2) By sending a C&D Ubisoft was taking legal recourse to protect its employee. If they, as you say, “have no shame against it” they wouldn’t have bothered to pursue it legally, but probably have done something like turn it into a joke or otherwise put out some sort of press release to capitalize on the interest.

    Most male’s probably dont have a problem with this (because of sexual instinct), but I would love to see their reaction if a scantily-clad male was on the cover.

    What you’re terming “sexual instinct” here is actually much more likely socially learned behaviour. While there is probably biological grounding for the use of sexual violence as a method of control, the attitude is more clearly connected to the attitudes fostered by society in regard to women.

    The problem with calling it “sexual instinct” is that it erases personal responsibility in the matter, effectively saying, “I know it’s sexist, but it’s a natural reaction and therefore I shouldn’t be subject to criticism from other people or myself.” We, both as society and individuals, need to stop letting men off the hook for sexism and that starts with acknowledging the role we play in fostering sexist attitudes, including a lot of the discourse on what men and women are “naturally” like.

    The reality of it is that this happens a LOT.

    I’m not entirely sure why this is relevant. Of course it happens a lot; it’s a natural product of a sexist society and especially an industry that is still operating heavily withing the “boy’s club” mentality. The disturbing frequency with which these incidents occur is exactly the reason why discussion is necessary; until this kind of harassment is recognized as a problem by the gamer community/industry nothing substantial can be done to fix it.

    It’s never really been admitted blatantly out in the open for a particular case like this, but behind closed doors, it’s always been a marketing factor for everything: “sex sells”.

    I disagree with you about it not being admitted blatantly and out in the open; a very similar thing happened to Kathy Sierra, and I’ve heard the “sex sells” adage since I was in grade school. But, anyway, yeah, it’s a problem that needs to be recognized and addressed. It can change (and I have hopes for the “casual” market being able to bring in some maturity to the overall culture, personally), but that change needs to start with gamers taking personal responsibility for their own participation in the sexist culture.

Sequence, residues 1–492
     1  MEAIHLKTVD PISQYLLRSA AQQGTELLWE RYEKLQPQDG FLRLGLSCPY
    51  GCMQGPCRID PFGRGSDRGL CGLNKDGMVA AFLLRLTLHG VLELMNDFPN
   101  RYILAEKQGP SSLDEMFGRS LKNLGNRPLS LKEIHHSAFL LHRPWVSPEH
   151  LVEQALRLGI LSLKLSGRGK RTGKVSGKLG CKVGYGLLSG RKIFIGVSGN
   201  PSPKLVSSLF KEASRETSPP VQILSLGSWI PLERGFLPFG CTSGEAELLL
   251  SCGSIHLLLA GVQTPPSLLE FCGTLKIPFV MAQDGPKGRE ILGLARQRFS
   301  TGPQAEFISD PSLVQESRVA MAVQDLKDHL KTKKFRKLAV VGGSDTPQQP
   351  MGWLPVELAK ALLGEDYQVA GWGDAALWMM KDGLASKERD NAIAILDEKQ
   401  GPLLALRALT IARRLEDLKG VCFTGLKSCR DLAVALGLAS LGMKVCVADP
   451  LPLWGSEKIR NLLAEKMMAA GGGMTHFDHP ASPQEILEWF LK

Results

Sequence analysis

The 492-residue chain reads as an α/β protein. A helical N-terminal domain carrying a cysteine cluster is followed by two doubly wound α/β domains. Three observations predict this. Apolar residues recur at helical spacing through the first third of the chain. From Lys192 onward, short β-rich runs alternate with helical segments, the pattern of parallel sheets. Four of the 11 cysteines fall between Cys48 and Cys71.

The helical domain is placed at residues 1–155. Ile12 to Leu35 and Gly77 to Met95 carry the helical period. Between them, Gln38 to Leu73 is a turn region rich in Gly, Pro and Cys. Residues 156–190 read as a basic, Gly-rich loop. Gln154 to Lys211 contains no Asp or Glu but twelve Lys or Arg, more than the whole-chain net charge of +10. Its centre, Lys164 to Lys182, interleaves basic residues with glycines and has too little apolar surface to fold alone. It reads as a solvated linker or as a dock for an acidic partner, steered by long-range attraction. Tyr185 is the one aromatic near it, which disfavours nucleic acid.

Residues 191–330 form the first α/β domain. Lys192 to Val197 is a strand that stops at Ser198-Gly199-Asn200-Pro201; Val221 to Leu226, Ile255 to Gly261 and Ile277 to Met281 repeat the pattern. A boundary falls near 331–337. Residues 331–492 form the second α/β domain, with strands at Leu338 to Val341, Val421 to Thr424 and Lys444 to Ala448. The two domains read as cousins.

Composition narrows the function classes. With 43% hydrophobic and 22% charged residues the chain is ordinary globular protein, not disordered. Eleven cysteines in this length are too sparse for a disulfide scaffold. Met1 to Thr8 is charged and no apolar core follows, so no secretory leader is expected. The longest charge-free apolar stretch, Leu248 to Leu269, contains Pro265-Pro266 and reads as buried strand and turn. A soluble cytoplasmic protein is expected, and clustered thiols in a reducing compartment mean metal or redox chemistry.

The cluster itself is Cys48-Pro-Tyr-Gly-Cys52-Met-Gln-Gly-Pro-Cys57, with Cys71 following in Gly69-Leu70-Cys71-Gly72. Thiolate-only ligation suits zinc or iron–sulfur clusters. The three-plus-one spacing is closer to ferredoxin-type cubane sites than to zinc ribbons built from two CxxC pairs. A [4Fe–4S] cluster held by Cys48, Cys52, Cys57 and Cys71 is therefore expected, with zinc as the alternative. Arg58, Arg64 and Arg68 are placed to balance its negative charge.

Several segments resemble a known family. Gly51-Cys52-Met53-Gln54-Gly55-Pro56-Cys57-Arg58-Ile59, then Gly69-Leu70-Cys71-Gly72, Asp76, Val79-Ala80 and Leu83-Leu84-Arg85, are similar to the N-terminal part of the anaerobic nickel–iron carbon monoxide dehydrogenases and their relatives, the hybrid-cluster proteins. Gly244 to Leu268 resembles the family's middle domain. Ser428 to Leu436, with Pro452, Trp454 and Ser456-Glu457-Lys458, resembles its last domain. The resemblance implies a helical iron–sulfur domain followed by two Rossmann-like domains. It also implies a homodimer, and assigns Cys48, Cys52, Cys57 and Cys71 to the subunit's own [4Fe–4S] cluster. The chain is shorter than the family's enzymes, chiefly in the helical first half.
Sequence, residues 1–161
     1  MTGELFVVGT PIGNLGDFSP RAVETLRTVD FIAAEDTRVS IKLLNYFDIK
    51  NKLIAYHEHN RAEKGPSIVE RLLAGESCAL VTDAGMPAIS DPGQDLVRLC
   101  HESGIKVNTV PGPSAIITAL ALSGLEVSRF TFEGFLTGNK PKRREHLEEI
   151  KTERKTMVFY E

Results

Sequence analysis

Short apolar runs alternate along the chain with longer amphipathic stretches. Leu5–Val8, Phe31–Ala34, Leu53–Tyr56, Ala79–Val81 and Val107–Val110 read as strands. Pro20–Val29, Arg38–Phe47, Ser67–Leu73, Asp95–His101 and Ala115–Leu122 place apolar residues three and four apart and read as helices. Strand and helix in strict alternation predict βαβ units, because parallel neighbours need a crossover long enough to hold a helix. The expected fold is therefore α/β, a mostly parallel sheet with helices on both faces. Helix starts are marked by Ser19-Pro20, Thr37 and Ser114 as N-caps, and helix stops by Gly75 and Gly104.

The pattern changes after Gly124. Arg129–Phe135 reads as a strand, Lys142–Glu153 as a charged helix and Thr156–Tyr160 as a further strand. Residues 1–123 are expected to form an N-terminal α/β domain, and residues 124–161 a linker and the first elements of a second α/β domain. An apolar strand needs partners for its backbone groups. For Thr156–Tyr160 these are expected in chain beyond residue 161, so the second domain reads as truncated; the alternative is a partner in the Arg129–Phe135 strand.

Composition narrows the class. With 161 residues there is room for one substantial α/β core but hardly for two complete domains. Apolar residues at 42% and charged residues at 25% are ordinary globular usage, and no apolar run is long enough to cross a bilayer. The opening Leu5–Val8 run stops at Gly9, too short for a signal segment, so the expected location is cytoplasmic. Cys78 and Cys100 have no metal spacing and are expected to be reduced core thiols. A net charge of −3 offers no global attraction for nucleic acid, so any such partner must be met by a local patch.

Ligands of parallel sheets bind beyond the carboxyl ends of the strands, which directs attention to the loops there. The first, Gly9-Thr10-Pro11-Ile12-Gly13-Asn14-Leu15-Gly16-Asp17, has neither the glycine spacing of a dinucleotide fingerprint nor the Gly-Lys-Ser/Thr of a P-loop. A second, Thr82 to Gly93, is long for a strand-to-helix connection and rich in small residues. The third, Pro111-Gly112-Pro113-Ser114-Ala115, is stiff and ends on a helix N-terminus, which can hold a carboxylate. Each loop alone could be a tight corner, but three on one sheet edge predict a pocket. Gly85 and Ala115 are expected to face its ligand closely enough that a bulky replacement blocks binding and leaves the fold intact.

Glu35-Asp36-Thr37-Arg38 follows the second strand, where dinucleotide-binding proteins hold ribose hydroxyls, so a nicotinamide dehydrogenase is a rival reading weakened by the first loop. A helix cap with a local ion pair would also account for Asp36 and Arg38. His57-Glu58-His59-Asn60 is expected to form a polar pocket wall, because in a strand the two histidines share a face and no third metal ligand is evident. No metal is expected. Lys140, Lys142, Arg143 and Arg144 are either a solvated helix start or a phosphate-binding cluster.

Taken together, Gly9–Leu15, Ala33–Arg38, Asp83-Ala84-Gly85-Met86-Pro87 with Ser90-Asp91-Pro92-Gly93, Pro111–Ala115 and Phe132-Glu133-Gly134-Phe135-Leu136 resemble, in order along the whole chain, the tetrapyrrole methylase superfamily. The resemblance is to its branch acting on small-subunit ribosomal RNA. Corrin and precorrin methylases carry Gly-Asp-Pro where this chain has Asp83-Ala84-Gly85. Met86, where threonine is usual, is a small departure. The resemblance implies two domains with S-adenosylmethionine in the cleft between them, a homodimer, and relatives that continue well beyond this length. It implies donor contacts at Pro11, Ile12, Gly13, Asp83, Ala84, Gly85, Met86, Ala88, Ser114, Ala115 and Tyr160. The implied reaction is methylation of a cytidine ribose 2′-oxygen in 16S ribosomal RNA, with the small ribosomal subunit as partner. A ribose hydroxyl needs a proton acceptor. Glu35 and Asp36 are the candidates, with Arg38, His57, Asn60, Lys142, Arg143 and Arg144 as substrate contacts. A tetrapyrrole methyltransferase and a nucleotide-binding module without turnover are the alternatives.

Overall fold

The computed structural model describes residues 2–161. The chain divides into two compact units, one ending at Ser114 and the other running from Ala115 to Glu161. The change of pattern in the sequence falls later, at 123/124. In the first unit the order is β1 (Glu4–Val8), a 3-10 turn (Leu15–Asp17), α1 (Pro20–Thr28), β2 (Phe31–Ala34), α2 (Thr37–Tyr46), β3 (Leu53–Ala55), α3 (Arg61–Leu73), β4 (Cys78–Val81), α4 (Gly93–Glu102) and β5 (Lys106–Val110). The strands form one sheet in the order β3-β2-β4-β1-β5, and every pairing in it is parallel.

19. Aaron Karp says:

    tekanji: You’re right in that a lot of SA’s material is mean-spirited – I tend to dig the more absurd stuff, but none of that excuses any of the meaner fare, and certainly not the behavior of the forum members.

    I’m glad you’re not deterred by this situation or any of the many others that you’ve doubtless encountered. Go forth and develop! Hopefully I’ll do the same.

    As an aside, I have no idea how I found my way to the Shrub blog, but I’m quite glad that I did. Keep up the great work (same to you, Luke).

  20. philly jay says:

    I’ve heard a lot about assassins creed, but next to nothing about this lady until I found the comic in question.How? while reading the webcomic artist deivant art page.The comic itself was in bad taste.And I honestly fail to see how ubisoft was using her sex appeal to sell the game.I guess I just don’t see why some mostly male game fans are making such a big deal about her and her looks.